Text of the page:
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Mon, 01.17.1887

Solomon D. Spady, Physics Teacher born

Solomon D. Spady

*Solomon D. Spady was born on this date in 1887. He was a Black teacher, scientist, and administrator.

Solomon Spady was born in Cape Charles, Northampton County, Virginia. He completed his education in the public schools there and graduated from Hampton Normal and Agricultural Institute, now Hampton University, in 1912. He stayed on to teach at the Institute for one year. The following year, Mr. Spady taught physics at Virginia Union University. In 1914, he received a teaching certificate from the state of Virginia and began his career in public education in Cape Charles, Virginia.  Spady became affiliated with the New Farmers of America, the largest black farm youth organization in the world. During this time, he formed a lasting acquaintance with an agricultural chemist Dr. George Washington Carver.

In 1922, Spady accepted a teaching position in Delray, which also carried the responsibility of the principal. The name of the school, which was established in 1895, had been changed from Delray Colored Number 4 to Delray County Training School. He was the third African American public school principal/teacher assigned to Delray Beach. He came here upon the recommendation of Booker T. Washington.  In 1926, Spady married Jessie B. Green, the daughter of a local prominent family. They never had children of their own. His home, at 170 Blackmer Street, which is now NW 5th Avenue, was constructed in that same year. It was a two-story single-family residence, rectangular, stucco over frame construction with a stone foundation.

That was considered a step above the other homes that were primarily wooden structures. It was and still is the Mission Revival style, a distinguishing architectural style with a rough stucco finish on the exterior. It had eight rooms, four rooms upstairs and four rooms downstairs. The roof of the porch is flat, outlined with copper trim. The openings of the original screen porch have been enclosed with aluminum awning windows. A chimney projects from the south facade wall and is capped with a bell tower covering. It was the first home in the area to have indoor plumbing, a telephone, and electricity.  It also had an unattached garage. The building was chosen for the S. D. Spady Cultural Arts Museum in honor of Professor Spady.

When Spady began teaching at Delray County Training School, it had an enrollment of a hundred children in grades one through eight. In 1934, under his tutelage, the student body grew to 336 in grades one through ten. In 1939, the first twelfth-grade high school graduation was held. In 1937, the school was renamed George Washington Carver High School. “Prof,” as Mr. Spady was called, as principal, also taught woodshop and agriculture classes. His students competed with others at the local, state, and national levels. In 1936, one of his students, Lester C. Albert, received the Superior Farmer Award from the National Organization during ceremonies in Pine Bluff, Arkansas.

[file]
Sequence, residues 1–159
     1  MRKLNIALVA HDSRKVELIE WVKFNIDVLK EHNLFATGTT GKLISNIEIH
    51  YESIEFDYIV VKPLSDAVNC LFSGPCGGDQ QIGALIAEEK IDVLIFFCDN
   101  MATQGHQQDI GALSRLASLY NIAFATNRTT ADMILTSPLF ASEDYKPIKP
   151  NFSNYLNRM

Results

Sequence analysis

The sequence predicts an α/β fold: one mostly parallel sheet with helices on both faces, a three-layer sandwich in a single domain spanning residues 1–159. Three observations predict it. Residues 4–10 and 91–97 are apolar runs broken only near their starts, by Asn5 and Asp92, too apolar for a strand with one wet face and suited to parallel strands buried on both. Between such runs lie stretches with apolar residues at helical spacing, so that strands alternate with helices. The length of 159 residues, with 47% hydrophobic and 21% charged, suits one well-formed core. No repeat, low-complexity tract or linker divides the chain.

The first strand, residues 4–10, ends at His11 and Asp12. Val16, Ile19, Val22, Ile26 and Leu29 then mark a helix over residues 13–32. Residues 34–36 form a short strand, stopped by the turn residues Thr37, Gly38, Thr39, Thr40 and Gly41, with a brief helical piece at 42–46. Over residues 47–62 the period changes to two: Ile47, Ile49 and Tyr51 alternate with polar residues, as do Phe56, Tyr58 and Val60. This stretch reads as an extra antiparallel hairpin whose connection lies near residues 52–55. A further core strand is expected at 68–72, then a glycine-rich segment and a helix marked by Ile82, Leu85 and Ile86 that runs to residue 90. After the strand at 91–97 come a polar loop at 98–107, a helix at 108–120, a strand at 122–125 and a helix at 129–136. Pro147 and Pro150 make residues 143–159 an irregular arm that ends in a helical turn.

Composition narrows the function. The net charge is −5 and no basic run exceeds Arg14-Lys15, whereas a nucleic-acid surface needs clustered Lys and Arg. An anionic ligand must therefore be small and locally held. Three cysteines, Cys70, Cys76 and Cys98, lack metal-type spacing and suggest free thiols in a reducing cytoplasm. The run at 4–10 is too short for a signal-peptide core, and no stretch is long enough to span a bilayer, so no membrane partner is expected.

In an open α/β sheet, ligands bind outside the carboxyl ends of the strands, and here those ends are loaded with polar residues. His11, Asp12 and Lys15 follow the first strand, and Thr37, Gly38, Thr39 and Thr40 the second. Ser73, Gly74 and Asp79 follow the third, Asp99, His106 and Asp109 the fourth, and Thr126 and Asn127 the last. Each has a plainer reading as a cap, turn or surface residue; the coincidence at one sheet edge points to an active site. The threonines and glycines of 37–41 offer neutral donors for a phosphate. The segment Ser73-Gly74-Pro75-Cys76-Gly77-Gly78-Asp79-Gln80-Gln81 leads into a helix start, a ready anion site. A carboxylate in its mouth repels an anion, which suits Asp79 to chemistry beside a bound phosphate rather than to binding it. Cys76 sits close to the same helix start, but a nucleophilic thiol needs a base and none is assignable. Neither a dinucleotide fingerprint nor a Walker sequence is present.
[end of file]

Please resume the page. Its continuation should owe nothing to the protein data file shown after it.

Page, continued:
His class instruction included cultivating crops on ten acres of land and to prepare them for sale to the public. There were trips to Tallahassee for the judging of agricultural contests. On several occasions, his students won state agricultural championships. His woodshop class projects included painting the school building, erecting steps, repairing the furniture, and repairing farm tools. They also made the desk that he used in his office. Spady also attended summer school to keep abreast of higher education.  He planned a functional course of study that trained students so that upon their graduation, they were able to excel in outstanding institutions of higher learning such as Tuskegee Institute, Hampton Institute, Atlanta University, South Carolina State, Morris Brown University, and Florida A and M.

He also organized extra-curricular activities that included a drama club, two literary societies, a glee club, sports teams, a parent-teacher association, and at least three entertainments that brought the community together through the school.  Spady always encouraged students to strive to be the best at anything they did. Besides working hard at school, he also worked in the community. His community work included being an active member of Mt. Olive Baptist Church, where he served as Church Clerk, Sunday School Teacher, Baptist Youth Teacher, and group leader of church rallies. Spady was Grand Master of Lodge N. 275, head of the Order of Good Samaritan and a few other service organizations, and chairman of the local Red Cross drive. Spady’s tenure as a teacher lasted thirty-five years, during which he became one of the most influential African Americans in Delray Beach.

In 1958, a new high school building was erected on S.W. 12th Avenue in Delray Beach. Carver High School moved to that site, and the old building became an elementary school. It was named in Mr. Spady’s honor as S. D. Spady Elementary School.  Spady served as principal for twenty-eight years, after which he served seven years as a classroom teacher retiring from the county’s public school system in 1957. Shortly afterward, he returned to his hometown in Cape Charles, Virginia.

Solomon Spady died in Cape Charles, Virginia, on November 25, 1967, at age 82. In 1998, the city of Delray Beach nominated Solomon Spady for the GREAT FLORIDIANS 2000 award.  His family accepted the award in 1999 at the Trinity United Methodist Church in West Palm Beach, Florida. A replica is displayed in the museum.

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